The First Crusade: The Chronicle of Fulcher of Chartres and Other Source Materials

The First Crusade: The Chronicle of Fulcher of Chartres and Other Source Materials

The First Crusade: The Chronicle of Fulcher of Chartres and Other Source Materials

The First Crusade: The Chronicle of Fulcher of Chartres and Other Source Materials

Synopsis

The First Crusade received its name and shape late. To its contemporaries, the event was a journey and the men who took part in it pilgrims. Only later were those participants dubbed Crusaders--"those signed with the Cross." In fact, many developments wit

Excerpt

Both the nine-hundredth anniversary of the First Crusade (1095–1099) and the appearance of a considerable number of texts, translations, and works of scholarship on the history of the First Crusade since the publication of this book in 1971 are more than adequate justification for a second edition. The new edition retains most of the original texts that have made it a useful book for teachers, students, and general readers. It also includes a number of additional texts in translation that historians have come to use routinely in understanding and explaining a series of related events and experiences that had far wider consequences even than the remarkable journey to and conquest of Jerusalem. The new material consists chiefly of sources written in Hebrew and Arabic, although it also includes some new works originally in Latin and one in Old French. Section VI of the first edition, on the evolution of crusading privileges, has been omitted from this edition. In its place I have included three problematic texts that illuminate the complex ways in which ideas related to war against infidels were represented in three different literary genres. The introduction has been extensively revised and expanded, indicating the most important and accessible items of recent scholarship, especially in English but occasionally in other languages. Crusade history has long been an international subject, and not all of the most important work is available in English. The bibliographical essay at the end of the book has also been expanded and revised.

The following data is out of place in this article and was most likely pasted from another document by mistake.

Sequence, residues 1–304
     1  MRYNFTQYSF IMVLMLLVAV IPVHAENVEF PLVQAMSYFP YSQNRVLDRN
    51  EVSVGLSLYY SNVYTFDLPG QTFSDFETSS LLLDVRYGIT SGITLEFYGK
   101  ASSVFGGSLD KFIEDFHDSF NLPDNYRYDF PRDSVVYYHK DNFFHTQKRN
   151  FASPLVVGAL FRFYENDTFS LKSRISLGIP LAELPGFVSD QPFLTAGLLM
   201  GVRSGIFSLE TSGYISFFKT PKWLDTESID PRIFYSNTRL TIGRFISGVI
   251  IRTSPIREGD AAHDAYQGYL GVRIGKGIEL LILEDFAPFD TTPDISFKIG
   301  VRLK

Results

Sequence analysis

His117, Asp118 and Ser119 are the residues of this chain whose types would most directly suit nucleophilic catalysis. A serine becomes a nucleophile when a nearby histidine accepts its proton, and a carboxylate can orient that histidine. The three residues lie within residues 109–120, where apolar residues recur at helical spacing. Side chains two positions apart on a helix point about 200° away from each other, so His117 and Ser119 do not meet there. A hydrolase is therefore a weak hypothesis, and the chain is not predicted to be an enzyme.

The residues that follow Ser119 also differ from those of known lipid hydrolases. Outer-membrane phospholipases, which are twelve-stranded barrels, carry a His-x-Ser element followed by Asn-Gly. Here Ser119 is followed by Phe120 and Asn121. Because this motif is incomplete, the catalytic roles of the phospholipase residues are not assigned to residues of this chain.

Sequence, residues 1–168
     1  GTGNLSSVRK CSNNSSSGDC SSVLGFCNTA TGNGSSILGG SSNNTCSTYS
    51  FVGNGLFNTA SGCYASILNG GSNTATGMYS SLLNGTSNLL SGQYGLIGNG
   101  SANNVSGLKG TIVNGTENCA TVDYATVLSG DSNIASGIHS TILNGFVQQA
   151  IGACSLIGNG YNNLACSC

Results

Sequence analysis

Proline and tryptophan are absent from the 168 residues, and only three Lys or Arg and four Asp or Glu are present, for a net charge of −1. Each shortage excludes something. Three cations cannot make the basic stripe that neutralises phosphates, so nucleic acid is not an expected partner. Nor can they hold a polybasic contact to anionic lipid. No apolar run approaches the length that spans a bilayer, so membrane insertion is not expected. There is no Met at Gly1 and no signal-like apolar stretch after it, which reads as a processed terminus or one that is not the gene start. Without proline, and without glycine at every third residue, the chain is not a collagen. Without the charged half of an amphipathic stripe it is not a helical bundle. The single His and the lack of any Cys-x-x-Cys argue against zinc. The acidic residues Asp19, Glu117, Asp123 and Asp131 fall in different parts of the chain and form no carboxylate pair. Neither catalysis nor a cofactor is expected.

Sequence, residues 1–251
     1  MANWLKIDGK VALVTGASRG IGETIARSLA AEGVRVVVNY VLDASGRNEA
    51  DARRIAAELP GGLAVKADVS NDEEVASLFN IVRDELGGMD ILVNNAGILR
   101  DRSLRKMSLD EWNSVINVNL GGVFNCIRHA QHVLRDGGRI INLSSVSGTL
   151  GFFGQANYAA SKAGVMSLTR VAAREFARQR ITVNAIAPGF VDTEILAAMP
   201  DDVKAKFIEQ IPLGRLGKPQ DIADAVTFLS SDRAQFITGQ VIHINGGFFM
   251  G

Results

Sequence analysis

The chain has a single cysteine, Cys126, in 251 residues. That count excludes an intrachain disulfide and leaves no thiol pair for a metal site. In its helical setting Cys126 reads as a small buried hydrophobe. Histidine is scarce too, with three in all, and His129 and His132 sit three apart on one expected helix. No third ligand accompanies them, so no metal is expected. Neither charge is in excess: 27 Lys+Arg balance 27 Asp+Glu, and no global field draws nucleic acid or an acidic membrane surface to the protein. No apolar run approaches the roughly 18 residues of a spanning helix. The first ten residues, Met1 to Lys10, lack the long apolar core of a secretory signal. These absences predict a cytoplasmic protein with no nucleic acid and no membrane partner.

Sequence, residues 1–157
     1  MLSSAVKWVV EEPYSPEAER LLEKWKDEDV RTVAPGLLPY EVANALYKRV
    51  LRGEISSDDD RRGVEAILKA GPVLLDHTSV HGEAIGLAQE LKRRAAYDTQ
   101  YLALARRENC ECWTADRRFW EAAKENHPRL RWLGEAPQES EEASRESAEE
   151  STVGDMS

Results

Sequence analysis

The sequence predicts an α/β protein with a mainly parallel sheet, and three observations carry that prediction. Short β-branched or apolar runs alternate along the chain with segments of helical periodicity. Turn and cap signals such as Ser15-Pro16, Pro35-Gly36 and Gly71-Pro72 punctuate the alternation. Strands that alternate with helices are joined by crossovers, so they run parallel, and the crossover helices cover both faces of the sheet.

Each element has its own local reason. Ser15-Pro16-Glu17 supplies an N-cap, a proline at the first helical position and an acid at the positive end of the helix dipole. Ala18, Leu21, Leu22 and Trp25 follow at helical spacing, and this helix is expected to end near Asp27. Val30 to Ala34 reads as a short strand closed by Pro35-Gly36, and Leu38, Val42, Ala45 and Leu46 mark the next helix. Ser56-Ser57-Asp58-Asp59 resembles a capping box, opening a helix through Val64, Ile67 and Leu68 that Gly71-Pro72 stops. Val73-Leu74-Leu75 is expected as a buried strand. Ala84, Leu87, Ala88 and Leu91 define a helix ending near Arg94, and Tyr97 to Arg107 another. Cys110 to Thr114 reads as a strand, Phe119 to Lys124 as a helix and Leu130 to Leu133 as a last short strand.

I am grateful to readers of the first edition who have used and commented on it and to several learned societies that have invited me to participate in conferences sponsored by them, particularly the Association for Jewish Studies, for an invitation to comment on a group of papers on the massacres of 1096 presented at the 1995 annual meeting in Boston, and to the Medieval Academy of America, for an invitation to organize and preside at a session on “Clermont and Its Consequences” at its 1996 annual meeting in Kansas City. I am also grateful to the scholars at those meetings and elsewhere who have given help and advice in the preparation of the new edition, particularly Robert Somerville, Thomas G. Waldman, Robert Chazan, Ivan Marcus, David Berger, Richard Landes, James A. Brundage, Bruce Brasington, James M. Powell, Mona Hammad, and James Muldoon.

This book is dedicated to the memory of Donald E. Queller (1925–1995).

Edward Peters . . .

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